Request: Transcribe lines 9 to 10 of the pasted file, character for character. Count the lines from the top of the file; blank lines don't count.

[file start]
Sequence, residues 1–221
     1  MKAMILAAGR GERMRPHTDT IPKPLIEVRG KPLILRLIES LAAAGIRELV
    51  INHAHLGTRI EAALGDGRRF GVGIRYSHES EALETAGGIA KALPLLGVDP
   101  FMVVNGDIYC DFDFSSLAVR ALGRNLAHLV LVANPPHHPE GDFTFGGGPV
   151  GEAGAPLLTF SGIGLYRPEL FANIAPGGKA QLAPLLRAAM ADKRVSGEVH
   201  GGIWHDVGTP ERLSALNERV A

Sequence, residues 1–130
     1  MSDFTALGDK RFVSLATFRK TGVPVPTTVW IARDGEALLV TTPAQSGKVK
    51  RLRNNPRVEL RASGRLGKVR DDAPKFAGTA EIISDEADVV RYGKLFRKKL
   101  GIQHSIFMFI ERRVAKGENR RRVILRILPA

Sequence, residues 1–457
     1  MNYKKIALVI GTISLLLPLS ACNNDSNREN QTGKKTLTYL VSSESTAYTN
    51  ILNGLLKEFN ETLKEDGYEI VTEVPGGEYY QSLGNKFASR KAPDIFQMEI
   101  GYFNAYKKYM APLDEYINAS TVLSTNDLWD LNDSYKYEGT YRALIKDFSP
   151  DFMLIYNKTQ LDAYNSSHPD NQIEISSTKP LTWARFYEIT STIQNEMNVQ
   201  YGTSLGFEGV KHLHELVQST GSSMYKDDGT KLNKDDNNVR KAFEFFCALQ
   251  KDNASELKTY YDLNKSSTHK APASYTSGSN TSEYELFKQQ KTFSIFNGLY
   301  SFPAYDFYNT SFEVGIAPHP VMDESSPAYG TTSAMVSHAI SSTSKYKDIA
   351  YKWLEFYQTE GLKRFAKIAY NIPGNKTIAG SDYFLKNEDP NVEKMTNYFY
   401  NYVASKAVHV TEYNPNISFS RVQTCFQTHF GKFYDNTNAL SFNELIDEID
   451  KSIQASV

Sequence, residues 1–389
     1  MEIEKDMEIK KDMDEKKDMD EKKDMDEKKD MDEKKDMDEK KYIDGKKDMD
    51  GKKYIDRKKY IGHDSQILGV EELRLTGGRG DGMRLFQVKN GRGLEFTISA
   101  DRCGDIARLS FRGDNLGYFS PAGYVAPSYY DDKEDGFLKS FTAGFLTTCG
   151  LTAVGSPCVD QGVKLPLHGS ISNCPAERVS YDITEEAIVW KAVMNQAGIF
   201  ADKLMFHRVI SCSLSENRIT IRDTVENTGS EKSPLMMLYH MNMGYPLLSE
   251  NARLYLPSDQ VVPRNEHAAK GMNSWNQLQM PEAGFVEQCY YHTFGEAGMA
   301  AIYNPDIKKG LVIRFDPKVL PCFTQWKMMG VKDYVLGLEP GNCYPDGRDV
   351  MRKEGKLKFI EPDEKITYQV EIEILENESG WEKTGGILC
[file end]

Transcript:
    51  RLRNNPRVEL RASGRLGKVR DDAPKFAGTA EIISDEADVV RYGKLFRKKL
   101  GIQHSIFMFI ERRVAKGENR RRVILRILPA